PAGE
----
North Korea fires missile over Japan

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In a first, North Korea on Tuesday fired a mid-range ballistic missile over Japan, further escalating tensions with the United States and its allies over the reclusive nation’s nuclear and missile programme.

The Pentagon confirmed the missile launch, saying it is still being assessed.

“North American Aerospace Defense Command (NORAD) determined the missile launch from North Korea did not pose a threat to North America,” a Pentagon statement said.

South Korea said the North has twice fired rockets it said were carrying satellites over Japan — in 1998 and 2009 — but it is the first time it has fired a ballistic missile over the island nation, the Associated Press reported.

The Japanese government issued an immediate rebuke. At one point, residents in several prefectures in northern regions of Japan were told to take cover.

“We will make utmost efforts to firmly protect the lives of the people,” Japanese Prime Minister Shinzo Abe told reporters in brief remarks as he entered emergency meetings on the missile firing.

South Korea’s Joint Chiefs of Staff said the missile traveled around 1,700 miles and reached a maximum height of 341 miles as it flew over the norther. Japanese island of Hokkaido.

South Korea’s National Intelligence Service told lawmakers that the missile was launched from an airfield at Pyongyang’s international airport, according to the AP.

Japan’s Chief Cabinet Secretary Yoshihide Suga described the test as an “unprecedented, grave threat”.

The South Korean government said in a statement that it “condemns in the strongest terms this provocation.” It said if the nuclear and missile provocations continue, it will respond strongly based on a “stalwart” alliance with the United States.

South Korean Foreign Minister Kang Kyung-wha discussed in a phone call with Secretary of State Rex Tillerson how to respond to the missile launch, South Korea’s foreign ministry said.

They agreed to “sternly” take action at the U.N. Security Council, South Korean news agency Yonhap reported.

“The two also agreed to maintain close communication at every possible level by using such occasions including the upcoming U.N. General Assembly scheduled for September,” the foreign ministry said, according to Yonhap.

South Korea released footage Tuesday of a missile test it conducted last week in response to the North’s launch.

The launch comes amid a growing confrontation between North Korean leader Kim Jong Un and President Trump.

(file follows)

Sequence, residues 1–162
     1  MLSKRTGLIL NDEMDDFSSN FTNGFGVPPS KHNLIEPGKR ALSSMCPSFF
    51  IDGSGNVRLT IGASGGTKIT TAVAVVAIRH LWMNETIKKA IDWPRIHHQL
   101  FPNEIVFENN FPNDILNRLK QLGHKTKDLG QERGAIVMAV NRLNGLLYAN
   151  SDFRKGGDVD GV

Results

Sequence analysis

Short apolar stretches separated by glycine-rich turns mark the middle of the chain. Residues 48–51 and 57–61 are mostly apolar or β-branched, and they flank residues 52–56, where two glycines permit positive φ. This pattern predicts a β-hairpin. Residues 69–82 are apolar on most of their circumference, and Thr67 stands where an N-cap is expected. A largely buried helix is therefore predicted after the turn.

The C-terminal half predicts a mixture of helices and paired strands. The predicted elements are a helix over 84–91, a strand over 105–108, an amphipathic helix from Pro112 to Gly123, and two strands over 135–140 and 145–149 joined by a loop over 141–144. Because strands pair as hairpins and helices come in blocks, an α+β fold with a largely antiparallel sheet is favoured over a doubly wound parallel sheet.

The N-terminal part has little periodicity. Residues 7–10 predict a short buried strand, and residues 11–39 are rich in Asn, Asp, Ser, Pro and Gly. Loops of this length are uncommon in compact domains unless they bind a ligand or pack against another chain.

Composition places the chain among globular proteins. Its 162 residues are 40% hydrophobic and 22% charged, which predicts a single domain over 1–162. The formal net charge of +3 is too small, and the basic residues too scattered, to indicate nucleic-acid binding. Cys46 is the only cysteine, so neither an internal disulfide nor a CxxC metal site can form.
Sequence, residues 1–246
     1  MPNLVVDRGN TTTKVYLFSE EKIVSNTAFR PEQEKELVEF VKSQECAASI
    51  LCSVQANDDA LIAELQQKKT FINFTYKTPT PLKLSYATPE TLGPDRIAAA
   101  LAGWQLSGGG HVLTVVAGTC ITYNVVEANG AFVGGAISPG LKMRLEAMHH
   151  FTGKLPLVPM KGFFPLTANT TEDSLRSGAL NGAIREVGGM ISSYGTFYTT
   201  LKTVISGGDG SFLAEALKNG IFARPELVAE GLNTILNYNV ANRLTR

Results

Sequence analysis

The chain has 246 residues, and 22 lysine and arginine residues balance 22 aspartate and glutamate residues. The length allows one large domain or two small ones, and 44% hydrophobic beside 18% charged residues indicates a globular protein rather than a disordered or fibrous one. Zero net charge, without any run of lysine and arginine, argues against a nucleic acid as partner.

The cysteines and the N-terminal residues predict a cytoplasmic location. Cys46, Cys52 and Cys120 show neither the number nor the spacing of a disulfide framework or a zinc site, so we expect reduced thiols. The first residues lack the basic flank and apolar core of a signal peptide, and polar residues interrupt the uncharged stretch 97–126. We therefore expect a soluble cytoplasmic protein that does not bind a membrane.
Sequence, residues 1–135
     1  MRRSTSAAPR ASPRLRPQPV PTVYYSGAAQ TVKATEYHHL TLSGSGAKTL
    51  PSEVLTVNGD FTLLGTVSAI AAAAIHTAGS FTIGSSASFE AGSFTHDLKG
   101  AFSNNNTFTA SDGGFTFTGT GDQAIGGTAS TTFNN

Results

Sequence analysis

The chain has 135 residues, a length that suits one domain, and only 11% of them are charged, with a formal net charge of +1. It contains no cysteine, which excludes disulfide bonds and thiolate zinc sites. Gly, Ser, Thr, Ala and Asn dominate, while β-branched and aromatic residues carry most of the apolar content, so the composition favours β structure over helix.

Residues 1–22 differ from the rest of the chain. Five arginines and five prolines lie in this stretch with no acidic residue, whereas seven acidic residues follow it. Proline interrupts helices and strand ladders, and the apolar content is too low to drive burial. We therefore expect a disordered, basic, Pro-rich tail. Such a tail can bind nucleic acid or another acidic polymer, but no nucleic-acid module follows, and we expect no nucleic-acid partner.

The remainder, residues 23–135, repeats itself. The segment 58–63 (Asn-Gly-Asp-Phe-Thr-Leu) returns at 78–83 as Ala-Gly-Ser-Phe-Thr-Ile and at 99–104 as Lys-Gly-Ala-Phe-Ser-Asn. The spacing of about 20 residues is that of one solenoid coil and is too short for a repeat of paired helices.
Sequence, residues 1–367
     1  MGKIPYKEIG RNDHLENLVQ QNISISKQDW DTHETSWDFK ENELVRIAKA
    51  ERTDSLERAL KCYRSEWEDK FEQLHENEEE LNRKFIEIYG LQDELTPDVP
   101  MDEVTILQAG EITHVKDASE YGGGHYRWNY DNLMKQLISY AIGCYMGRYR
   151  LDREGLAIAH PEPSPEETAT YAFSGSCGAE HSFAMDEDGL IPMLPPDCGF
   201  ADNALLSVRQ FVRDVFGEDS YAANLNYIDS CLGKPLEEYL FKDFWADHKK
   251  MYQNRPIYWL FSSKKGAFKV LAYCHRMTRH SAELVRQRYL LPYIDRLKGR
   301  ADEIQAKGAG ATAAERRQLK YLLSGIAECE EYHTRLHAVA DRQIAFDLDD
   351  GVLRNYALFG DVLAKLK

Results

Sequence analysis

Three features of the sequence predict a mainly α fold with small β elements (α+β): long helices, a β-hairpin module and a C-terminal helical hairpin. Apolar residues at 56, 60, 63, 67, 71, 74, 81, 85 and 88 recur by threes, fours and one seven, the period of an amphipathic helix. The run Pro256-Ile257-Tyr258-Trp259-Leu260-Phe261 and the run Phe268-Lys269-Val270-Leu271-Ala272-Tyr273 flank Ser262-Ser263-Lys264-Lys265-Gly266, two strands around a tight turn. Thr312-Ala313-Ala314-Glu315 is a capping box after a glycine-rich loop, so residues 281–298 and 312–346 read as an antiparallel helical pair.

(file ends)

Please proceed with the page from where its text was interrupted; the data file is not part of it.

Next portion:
The South’s National Intelligence Service told lawmakers it was unclear whether the missile’s warhead survived atmospheric re-entry, the AP reported. The spy agency also said Kim’s third child was born in February, without providing further details, according to the AP.

The latest launch comes days after North Korea fired three short-range ballistic missiles into the sea and a month after its second flight test of an intercontinental ballistic missile, which analysts say could reach deep into the U.S. mainland when perfected.

North Korea has also threatened to fire missiles off the coast of Guam, a U.S. territory in the western Pacific. Trump said North Korea would be met with “fire and fury” if it didn’t back off its threats. None of the recent missile launches appeared to be aimed toward Guam.

This month U.S. and South Korean forces went ahead with their annual joint military exercises intended to practice for a possible attack from North Korea, which assailed the training as being provocative.

Under Kim, North Korea has accelerated development of nuclear weapons and missiles of capable of carrying them. Its stated aim is to develop weapons that could reach the U.S. mainland to deter an attack by American forces.

The United Nations has repeatedly condemned North Korea’s weapons programs and imposed a series of ever-tightening economic sanctions that the reclusive nation has found ways to evade.

Trump has urged China to play a more active role in persuading Kim to halt his weapons programs since China is North Korea’s closest political ally and economic benefactor.

China has pledged to try to restrain North Korea’s tests but also appealed to Trump to lower his aggressive rhetoric.

© USA Today

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